Forecast Discussions mentioning any of "HRRR" "RAP" "RUC13" "RUC" "RR" received at GSD on 07/15/17

Area Forecast Discussion
National Weather Service State College PA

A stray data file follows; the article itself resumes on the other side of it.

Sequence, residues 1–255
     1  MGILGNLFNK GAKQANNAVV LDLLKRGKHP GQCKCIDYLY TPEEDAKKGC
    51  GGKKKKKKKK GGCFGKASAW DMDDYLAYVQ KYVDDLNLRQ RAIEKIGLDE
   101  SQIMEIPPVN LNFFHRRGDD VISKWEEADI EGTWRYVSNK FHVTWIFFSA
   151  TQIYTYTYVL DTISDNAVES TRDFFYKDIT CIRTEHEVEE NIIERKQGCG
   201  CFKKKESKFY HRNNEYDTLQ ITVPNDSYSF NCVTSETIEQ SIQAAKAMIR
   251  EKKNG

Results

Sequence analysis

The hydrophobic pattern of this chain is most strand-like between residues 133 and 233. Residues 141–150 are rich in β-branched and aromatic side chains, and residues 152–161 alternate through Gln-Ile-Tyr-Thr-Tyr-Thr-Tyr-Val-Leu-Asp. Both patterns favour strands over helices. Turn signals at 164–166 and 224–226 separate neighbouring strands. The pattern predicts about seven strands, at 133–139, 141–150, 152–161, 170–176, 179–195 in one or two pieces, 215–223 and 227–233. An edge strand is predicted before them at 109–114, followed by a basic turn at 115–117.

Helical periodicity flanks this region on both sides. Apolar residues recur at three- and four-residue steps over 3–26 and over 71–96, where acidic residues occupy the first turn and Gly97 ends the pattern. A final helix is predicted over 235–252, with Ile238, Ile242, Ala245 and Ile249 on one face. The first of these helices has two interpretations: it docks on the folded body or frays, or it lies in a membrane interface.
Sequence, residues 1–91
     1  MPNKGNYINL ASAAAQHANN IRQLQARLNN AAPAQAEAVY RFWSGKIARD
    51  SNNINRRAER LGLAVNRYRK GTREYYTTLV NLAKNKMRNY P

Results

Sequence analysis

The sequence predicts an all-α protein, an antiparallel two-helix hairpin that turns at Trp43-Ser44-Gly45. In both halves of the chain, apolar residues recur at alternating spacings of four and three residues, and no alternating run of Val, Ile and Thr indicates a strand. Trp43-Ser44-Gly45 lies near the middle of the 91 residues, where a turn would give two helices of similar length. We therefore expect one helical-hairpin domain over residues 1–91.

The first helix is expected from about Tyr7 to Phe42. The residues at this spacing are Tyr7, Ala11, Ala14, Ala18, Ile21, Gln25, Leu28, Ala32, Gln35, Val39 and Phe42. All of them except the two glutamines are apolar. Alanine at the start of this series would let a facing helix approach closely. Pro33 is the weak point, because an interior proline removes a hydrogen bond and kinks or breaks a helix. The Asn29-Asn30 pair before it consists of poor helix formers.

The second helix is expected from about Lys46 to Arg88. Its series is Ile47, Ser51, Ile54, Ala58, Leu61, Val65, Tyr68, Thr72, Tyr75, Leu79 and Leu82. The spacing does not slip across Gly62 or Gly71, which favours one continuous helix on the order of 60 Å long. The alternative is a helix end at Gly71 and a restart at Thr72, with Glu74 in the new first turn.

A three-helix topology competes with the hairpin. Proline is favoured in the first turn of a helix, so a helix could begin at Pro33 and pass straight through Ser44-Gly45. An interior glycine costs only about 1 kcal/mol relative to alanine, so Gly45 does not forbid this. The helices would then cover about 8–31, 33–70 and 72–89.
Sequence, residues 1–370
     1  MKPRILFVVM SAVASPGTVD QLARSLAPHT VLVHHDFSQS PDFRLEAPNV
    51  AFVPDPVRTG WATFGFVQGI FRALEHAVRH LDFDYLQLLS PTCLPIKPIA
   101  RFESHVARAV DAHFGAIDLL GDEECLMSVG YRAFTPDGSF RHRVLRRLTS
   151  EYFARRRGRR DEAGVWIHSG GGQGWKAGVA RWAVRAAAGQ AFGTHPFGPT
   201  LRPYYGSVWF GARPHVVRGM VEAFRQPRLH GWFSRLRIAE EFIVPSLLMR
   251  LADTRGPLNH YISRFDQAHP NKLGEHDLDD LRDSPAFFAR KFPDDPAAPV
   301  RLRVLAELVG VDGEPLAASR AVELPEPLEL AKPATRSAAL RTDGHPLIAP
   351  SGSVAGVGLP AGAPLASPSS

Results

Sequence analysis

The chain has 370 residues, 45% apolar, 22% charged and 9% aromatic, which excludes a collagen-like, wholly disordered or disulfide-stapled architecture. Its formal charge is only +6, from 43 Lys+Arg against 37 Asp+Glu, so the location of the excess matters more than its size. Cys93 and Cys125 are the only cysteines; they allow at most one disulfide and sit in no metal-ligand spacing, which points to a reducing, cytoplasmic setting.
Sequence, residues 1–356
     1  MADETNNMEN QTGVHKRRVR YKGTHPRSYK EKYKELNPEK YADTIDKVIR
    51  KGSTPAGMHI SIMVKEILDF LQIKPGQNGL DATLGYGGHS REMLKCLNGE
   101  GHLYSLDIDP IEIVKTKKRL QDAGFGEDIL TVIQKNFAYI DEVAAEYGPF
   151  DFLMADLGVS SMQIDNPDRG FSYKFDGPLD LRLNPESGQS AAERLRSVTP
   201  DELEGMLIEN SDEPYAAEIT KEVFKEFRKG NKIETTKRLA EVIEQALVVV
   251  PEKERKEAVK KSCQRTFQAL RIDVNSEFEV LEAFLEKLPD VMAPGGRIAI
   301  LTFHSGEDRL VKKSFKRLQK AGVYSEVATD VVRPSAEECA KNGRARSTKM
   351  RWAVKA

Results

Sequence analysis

1150 PM EDT Fri Jul 14 2017 .SYNOPSIS... Dry air will continue to move into the region for the next 24 to 48 hours. This will push all the rain to our east. A mean 500mb trough will dominate our weather this weekend and early next week. Thus Saturday to Thursday should be a relatively dry with near to slightly below normal temperatures. && .NEAR TERM /UNTIL 6 AM SATURDAY MORNING/... FF threat ended and Watch was allowed to expire on time at 10 PM. Slow moving and training cells made for a soggy evening in parts of the Lower Susq, and HRRR indeed foresaw this from the mid to late afternoon runs. Front pushes east of the CWA after midnight, taking lingering scattered shower activity there with it. 5H trough axis swinging through western PA late this evening maintaining a cluster of showers and thunderstorms east of Pittsburgh, and these are headed into Somerset County presently. Will keep sct pops going there for the next several hours. Some heavy downpours are still possible there. Some fog is expected in the places where the heavy rain has fallen, especially in the SE. && .SHORT TERM /6 AM SATURDAY MORNING THROUGH 6 PM SATURDAY/... Front pushes through all of CWA tonight but only very slowly. This will change the airmass, but should bring an end to this humid and wet pattern. High pressure builds in on Saturday with comfortable temperatures and humidity levels. Some fog is expected in the places where the heavy rain has fallen, especially in the SE. Saturday looks like a great day for just about anything. Only a isolated shower or two is possible in the nrn tier. Maxes should be below normal and dewpoints should be more comfortable, but not super-dry. && .LONG TERM /SATURDAY NIGHT THROUGH FRIDAY/... Tranquil weather continues on Sunday before another short wave drops out of the Great Lakes for the beginning of the work week. Scattered precipitation will enter the far northwest later Sunday night and progress across the state through Monday. As the upper trough pivots toward the east coast, a chance of rain showers continues into the first half of Tuesday. By Wednesday, a 596DM H5 high will move into the lower Ohio valley and will bring dry and warm conditions back to the area. As this upper high moves very slowly, dry conditions continue through the end of the week. However, a boundary remains just to our north which may provide a chance for some moisture if it were to waggle to the south. && .AVIATION /04Z SATURDAY THROUGH WEDNESDAY/... Showers in vicinity of KMDT/KLNS will dissipate through 06z. Another batch of convection (with a bit of thunder) will slide south of KJST/KAOO through 06z before diminishing. A front pushes east of the CWA overnight, which will put an end to any lingering shower activity. But low ceilings will persist at KLNS where moist SE low level flow hangs on the longest. In addition, though dewpoints are slowly dropping a good bit of low level moisture remains in place as a weak subsidence inversion works in from the Ohio Valley. These factors will contribute to a developing cloud deck that will bring restrictions to the NW half of CWA into mid morning Sat. In addition, expect some areas of fog in places where heavier rain fell earlier, especially in the SE. After some morning fog/clouds, cooler drier air and mixing will ultimately bring VFR conditions on Saturday. .OUTLOOK... Sat...AM low cigs likely mainly BFD/JST. Fog impacts likely central/SE. Sun...AM fog poss BFD. Otherwise no sig wx. Mon...Cig restrictions poss NW. Sct TSRA impacts areawide. Tue...Sct tsra impacts east. Wed...No sig wx. && .CTP WATCHES/WARNINGS/ADVISORIES... None. && $$ SYNOPSIS...Grumm/Dangelo NEAR TERM...Dangelo/DeVoir SHORT TERM...Dangelo LONG TERM...Ross/Tyburski AVIATION...RXR